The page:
The Atlanta Georgia Temple (formerly the Atlanta Temple) of The Church of Jesus Christ of Latter-day Saints (LDS Church) was the first temple built by the church in the Southeastern United States and the second temple east of the Mississippi River since 1846. Members of the church consider it a literal "house of God" comparable to the ancient Israelite temple where, as recorded in Bible, God spoke with Samuel. Emphasizing this belief, the building's façade bears the inscription "Holiness to the Lord – The House of the Lord."

The announcement to build a temple in Georgia was made by the church's First Presidency in April 1980. A site for the temple was selected on a Template:Convert lot in Fulton County, in the then-unincorporated city of Sandy Springs, between Barfield Road on the east and Glenridge Drive on the west, Template:Convert north of Atlanta.

Ground breaking and construction

Ground breaking ceremonies were held on March 7, 1981, with church president Spencer W. Kimball presiding. An estimated 10,000 spectators were in attendance.[1][2]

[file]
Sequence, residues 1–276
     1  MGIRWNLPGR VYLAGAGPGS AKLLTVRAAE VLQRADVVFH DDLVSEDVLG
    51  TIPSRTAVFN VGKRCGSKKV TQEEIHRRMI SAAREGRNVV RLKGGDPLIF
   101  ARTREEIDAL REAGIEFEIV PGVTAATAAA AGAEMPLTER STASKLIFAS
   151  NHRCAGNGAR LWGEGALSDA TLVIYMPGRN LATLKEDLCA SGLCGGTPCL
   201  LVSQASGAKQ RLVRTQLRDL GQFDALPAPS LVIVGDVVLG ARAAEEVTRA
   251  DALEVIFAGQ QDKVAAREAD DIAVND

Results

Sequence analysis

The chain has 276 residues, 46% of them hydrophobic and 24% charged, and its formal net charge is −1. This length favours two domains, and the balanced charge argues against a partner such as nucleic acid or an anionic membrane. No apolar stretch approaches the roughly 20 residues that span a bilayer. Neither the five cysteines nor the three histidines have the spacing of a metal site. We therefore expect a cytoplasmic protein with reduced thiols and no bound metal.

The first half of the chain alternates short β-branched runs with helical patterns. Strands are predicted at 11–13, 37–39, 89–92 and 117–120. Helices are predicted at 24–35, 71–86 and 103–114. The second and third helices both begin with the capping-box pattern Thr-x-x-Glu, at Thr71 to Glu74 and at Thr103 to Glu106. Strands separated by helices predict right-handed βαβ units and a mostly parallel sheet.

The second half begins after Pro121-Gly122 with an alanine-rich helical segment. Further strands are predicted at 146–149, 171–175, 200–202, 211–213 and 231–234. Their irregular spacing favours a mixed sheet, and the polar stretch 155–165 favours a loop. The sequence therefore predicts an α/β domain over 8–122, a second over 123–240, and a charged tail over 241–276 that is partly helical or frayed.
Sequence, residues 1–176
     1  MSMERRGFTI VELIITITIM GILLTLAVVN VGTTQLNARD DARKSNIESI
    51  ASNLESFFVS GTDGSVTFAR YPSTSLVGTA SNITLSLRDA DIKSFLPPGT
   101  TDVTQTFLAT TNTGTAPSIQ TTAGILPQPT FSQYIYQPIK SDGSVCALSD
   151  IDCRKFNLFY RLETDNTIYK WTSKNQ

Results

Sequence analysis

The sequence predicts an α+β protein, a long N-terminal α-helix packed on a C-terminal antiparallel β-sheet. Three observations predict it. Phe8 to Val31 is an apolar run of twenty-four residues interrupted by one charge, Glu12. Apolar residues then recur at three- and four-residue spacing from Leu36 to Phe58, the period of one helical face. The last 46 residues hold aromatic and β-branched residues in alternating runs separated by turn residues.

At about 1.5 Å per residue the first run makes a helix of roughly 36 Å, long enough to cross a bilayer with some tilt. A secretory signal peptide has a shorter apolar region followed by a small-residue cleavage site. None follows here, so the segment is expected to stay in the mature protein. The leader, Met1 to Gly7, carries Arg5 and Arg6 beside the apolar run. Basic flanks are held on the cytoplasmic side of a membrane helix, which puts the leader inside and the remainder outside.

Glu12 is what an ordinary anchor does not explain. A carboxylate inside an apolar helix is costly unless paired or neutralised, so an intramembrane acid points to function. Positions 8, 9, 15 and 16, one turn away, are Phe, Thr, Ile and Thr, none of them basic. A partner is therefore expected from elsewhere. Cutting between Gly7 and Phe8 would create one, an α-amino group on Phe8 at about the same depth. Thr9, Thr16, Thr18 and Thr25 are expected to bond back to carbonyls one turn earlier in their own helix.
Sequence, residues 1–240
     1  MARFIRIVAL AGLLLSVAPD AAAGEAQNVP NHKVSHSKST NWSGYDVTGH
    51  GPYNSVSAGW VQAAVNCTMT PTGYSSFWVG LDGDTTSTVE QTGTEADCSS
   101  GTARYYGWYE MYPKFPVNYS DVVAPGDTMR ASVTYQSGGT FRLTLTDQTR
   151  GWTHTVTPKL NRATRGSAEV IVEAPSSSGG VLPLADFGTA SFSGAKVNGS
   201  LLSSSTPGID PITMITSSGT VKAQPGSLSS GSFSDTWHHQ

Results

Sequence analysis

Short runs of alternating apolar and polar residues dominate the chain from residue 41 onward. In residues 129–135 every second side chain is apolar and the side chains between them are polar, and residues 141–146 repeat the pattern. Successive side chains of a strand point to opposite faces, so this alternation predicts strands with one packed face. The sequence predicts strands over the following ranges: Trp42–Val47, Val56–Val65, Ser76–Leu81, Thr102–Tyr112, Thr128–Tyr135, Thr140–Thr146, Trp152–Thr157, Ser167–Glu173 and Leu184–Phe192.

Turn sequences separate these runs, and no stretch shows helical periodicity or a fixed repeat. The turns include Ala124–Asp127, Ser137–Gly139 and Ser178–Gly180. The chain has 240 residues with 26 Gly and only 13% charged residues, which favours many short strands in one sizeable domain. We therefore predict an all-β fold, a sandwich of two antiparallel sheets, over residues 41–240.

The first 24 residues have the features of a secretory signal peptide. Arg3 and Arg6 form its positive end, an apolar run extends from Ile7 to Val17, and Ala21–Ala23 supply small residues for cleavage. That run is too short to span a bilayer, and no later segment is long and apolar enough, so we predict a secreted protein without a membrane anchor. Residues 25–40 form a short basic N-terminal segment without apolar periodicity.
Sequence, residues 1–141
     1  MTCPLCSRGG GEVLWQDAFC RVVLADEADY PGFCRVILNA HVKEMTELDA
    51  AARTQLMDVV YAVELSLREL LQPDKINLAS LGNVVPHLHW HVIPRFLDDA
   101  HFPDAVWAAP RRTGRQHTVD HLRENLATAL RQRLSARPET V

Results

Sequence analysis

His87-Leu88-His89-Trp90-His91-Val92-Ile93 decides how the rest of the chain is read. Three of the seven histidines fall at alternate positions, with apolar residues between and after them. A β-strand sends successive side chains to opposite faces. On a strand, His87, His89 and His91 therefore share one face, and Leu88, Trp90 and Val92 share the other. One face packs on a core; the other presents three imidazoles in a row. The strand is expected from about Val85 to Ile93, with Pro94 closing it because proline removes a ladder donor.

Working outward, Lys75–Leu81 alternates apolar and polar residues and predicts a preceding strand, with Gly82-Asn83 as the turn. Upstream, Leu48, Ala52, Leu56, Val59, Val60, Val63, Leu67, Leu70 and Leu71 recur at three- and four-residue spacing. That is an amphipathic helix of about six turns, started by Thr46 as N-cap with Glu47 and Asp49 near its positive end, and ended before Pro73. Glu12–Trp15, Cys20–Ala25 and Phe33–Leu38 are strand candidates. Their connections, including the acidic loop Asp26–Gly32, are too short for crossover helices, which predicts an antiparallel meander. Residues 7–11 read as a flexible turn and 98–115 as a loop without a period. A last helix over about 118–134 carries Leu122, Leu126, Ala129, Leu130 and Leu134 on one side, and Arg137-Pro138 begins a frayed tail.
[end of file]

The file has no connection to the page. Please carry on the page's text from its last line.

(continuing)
Special guests at the ground breaking included Georgia Governor George Busbee, Georgia Speaker of the House Tom Murphy, Joe Frank Harris, United States Senators Jake Garn and Paula Hawkins, United States Congressman Elliott Levitas, State Senators Nathan Dean, Joe Thompson, Joe Burton, and Wayne Garner, State Representatives Bill Cummings and Doug Vandiford, and Fulton County Commissioner Michael Lomax.[3]

In his remarks at the groundbreaking, Busbee commented on the high emphasis Latter-day Saints place on education within the family and the positive impact the temple would have on the state;

I wish more Georgians placed such importance in the moral aspects of this life, for only through a common responsibility for our neighbor’s well-being can we insure that our state will be a better place for our children to live.

And we are all taking a big step toward that goal on this beautiful hillside today as we break ground on what will soon be the first Mormon Temple in the entire Southern United States.[4]